TODAY: Authorities mulls what to do with Nemtsov commemorative plaque; Golos reports on distrust and irregularities in weekend’s election; Jehovah’s Witnesses appeal on extremism; Turkey signs monumental arms deal with Russia; RT affiliate forced to register as foreign agent in US; film drawn from screen after threats from extremists.
It was up for less than a week before members of the pro-Kremlin SERB movement took it down – now the Moscow authorities are suggesting that a plaque honouring murdered opposition leader Boris Nemtsov be placed within the entrance of the building in which he lived, as opposed to on its front. Independent election monitoring group Golos says that the reason for low turnout at regional and local elections last weekend was “the low level of competition and by voters distrust toward the election process”. The organisation also found complaints of election rigging from multiple polling stations. Reuters reports from such a station, where its reporters counted 256 voters cast and official figures claimed 1,867: “that is more than seven times higher than the number of voters counted by Reuters – with 73 percent of the votes going to United Russia”. As Putin gears up for the presidential elections next March, “the plight of his working-class base across the Russian heartland is emerging as a top domestic challenge”, says Bloomberg. Prominent left-wing activist Sergei Udaltsov, fresh out of prison for organising opposition demonstrations, has apparently been detained. The Jehovah’s Witnesses religious group has appealed against the Supreme Court’s decision to label it an extremist organisation.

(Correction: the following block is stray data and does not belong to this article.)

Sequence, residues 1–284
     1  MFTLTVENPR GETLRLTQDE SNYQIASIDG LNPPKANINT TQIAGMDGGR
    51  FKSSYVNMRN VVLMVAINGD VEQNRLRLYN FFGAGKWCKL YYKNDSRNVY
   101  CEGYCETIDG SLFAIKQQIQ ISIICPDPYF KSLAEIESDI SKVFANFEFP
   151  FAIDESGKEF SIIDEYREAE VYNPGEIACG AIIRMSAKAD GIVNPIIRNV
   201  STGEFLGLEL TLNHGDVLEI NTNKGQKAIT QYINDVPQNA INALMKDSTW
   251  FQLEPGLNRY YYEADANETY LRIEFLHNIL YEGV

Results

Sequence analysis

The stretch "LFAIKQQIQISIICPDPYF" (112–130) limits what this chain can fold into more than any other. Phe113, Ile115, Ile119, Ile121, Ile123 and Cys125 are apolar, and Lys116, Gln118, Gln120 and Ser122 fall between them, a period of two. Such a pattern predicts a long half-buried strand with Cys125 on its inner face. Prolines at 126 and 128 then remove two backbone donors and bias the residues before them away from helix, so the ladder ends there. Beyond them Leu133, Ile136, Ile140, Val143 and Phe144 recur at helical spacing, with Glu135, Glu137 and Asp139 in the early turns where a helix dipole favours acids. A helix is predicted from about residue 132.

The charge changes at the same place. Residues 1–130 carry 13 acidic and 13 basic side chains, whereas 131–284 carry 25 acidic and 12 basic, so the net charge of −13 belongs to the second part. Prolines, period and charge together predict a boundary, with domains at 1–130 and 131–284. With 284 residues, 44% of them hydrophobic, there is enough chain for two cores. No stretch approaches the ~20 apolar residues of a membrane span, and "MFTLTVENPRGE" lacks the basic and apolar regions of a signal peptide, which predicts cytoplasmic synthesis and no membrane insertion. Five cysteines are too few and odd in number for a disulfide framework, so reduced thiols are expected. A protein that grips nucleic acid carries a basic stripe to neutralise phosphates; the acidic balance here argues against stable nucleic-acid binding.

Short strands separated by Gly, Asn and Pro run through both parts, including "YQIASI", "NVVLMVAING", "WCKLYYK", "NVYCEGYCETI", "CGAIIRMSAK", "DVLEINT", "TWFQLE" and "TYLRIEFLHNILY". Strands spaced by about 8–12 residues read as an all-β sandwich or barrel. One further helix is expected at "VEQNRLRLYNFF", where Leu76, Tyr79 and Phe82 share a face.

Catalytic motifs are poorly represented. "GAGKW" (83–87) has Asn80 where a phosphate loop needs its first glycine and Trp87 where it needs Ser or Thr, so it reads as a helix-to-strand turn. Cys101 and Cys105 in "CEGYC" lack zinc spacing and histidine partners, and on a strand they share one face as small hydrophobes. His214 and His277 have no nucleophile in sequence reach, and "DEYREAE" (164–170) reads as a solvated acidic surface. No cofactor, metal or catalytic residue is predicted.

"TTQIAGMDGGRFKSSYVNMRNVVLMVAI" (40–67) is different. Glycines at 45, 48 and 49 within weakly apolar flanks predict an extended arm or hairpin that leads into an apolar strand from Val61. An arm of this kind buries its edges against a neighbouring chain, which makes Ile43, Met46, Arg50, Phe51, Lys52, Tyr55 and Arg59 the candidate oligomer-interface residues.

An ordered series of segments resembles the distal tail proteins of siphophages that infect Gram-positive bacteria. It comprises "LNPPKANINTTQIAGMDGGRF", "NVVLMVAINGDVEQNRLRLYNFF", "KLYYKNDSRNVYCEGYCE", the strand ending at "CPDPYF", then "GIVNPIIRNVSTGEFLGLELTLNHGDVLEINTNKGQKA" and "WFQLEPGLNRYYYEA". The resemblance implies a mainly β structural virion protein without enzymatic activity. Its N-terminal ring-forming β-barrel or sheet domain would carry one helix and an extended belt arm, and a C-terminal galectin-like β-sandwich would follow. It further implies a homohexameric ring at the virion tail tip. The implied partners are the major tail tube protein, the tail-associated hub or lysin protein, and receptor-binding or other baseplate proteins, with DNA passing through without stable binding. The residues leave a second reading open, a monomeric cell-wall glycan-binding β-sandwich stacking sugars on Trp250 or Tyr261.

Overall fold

Turkey has signed an eye-brow raising deal with Russia to buy nearly $2.5 billion worth of anti-aircraft missiles; as a NATO member Ankara is supposed to only purchase systems from fellow members. One of the American affiliates of Kremlin-backed TV network RT has apparently been ordered by the US government to register as a ‘foreign agent’ under anti-propaganda laws. Leonid Bershidsky explains why the European External Action Service East Stratcom Task Force, the EU agency designed to counter the Russian propaganda machine, is an “exercise in futility”. Russia’s Kaspersky Lab cyber-security firm may shut its Washington D.C. branch as it faces increasing pressure due to alleged ties to Russian security services. The United States and Russia are apparently still in agreement that the 2010 nuclear arms-reduction treaty plan must be implemented, and discussions to do so will soon be underway.
Following threats against its cinemas from religious extremists, Russia’s leading movie theatre chain has decided it will not screen Mathilde, a controversial film about Tsar Nicholas’ affair with a Polish ballerina.
PHOTO: A plaque to commemorate slain opposition leader Boris Nemtsov, on the house in which he lived. (Moskva News Agency)